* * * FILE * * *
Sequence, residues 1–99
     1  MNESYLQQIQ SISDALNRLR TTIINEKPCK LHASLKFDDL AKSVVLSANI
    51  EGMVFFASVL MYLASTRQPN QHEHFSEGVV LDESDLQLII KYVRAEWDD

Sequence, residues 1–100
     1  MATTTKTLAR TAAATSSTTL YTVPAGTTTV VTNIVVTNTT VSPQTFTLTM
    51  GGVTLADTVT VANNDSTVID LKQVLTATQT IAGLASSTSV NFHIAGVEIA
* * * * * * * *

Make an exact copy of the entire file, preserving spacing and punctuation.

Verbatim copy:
Sequence, residues 1–99
     1  MNESYLQQIQ SISDALNRLR TTIINEKPCK LHASLKFDDL AKSVVLSANI
    51  EGMVFFASVL MYLASTRQPN QHEHFSEGVV LDESDLQLII KYVRAEWDD

Sequence, residues 1–100
     1  MATTTKTLAR TAAATSSTTL YTVPAGTTTV VTNIVVTNTT VSPQTFTLTM
    51  GGVTLADTVT VANNDSTVID LKQVLTATQT IAGLASSTSV NFHIAGVEIA